The Beat, Under the Bridge, TONIGHT, £22.50. The most musically innovative band of the ’80s ska-pop revival continue their reformation. Original members Everett Moreton, Saxa and Ranking Roger, plus some new recruits, will be reproducing the jittery funk rhythms, West African jit-jive guitars and killer singles like ‘Mirror in the Bathroom’ of the band’s heyday.
Electric Wizard, Roundhouse, TONIGHT, £19.50. Hard, heavy, extremely impressive and surprisingly accessible doom metal by the Dorset quartet, who follow in the deep footsteps of Black Sabbath and Sleep. Bang… your… head!
The Prodigy, Alexandra Palace, Fri–Sat, £39.50–£45. The pointy-haired rave-punks drop in for two nights at Ally Pally with their unique blend of tractor-crash beats, pounding synths and deliberately abrasive guitar abuse. This big weekender follows the release of their ‘violent’ (their words) new album ‘The Day Is My Enemy’, but you can bet on mass bounce-alongs to ‘Out of Space’ and ‘Breathe’ too.
Mr Scruff, Koko, Saturday, £16. Stockport’s finest bedroom turntablist – Andrew Carthy to his mum – returns yet again to Koko to show off his quirky, crate-digging mix of hip hop, ska, funk, jazz, kitsch-pop and exotica.
…or take a look at all the live music events in London this weekend.
How Does It Feel To Be Loved
Toddla T + Novelist, XOYO, TONIGHT, £13.50. Sheffield bashment hero Tom Bell swoops in for another XOYO show. As well as his carnival dub, mashed-up breaks, grime and hip hop, you can also hear the sublime grime of Novelist.
How Does It Feel To Be Loved?, Shacklewell Arms, TONIGHT, £6 (£4 with free membership by emailing email@example.com). This much-loved club night was re-homed after the closure of indie haven the Buffalo Bar, where it spent a good few years. Now in Dalston’s Shacklewell Arms, the dancefloor is still packed with dapper crowds who dig grooving to the wonderfully nostalgic soundtracks on offer.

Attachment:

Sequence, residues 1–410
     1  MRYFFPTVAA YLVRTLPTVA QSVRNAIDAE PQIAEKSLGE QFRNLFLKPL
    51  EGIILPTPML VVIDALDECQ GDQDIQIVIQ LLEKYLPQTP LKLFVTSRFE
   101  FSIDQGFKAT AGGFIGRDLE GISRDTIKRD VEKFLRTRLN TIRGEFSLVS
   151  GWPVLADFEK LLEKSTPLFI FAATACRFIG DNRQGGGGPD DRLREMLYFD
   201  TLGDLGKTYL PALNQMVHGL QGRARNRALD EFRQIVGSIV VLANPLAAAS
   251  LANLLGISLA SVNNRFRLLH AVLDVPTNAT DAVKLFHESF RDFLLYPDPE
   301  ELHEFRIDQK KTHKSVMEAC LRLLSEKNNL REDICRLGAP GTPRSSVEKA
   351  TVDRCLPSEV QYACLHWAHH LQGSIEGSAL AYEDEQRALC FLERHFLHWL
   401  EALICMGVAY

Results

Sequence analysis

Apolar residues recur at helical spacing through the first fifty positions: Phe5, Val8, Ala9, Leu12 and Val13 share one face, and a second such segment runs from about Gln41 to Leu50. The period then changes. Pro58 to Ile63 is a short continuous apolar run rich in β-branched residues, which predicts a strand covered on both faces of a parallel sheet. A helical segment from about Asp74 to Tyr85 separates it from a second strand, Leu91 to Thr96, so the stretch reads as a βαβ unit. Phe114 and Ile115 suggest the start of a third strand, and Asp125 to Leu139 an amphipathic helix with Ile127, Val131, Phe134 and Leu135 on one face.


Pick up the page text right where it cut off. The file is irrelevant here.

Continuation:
The Pulp Fiction Experience, Courtyard Theatre, Saturday, free (charity donations welcome). Practice your twist for this one: a screening of ‘Pulp Fiction’ at a themed party, with a nine-piece band playing selections from the film’s heavyweight soundtrack. It’s all for the Help Musicians UK and CTBF charities, so be generous with your wallet – you know, the one that says ‘Bad Mother Fucker’.
Horse Meat Disco, The Eagle, Sunday. This long-standing residency from obscenely funky and highly acclaimed DJ crew Horse Meat Disco has become a Sunday night staple for many. Though often to be found spinning rare disco gems in a New York loft party or Berlin basement session, one or more of the crew always makes it back to this Vauxhall party boozer to lay down a storming set.
…or see all the parties planned this weekend.
Mad Max: Fury Road
MayFest: ‘Rear Window’, Dulwich Picture Gallery, TONIGHT, £15, £13 concs. Catch Hitchcock’s flawless thriller, in which James Stewart, immobilised in his apartment by a broken leg, takes to watching the inhabitants across the courtyard, first with binoculars, later with his camera. He thinks he witnesses a murder.
Pop-Up Screens: Science Flicktion: ‘Apollo 13’, Chelsea Old Town Hall, Saturday, £18. All weekend, Pop-Up Screens will present classic sci-fi movies including ‘Alien’, ‘Terminator 2’ and, um ‘Good Will Hunting’ (which has a kind of science-y edge), all with commentaries from scientists explaining the physics behind the SFX. ‘Apollo 13’ is, of course, the true-life tale of three astronauts on a trip to the moon who find that a leaking fuel tank has made their mission impossible.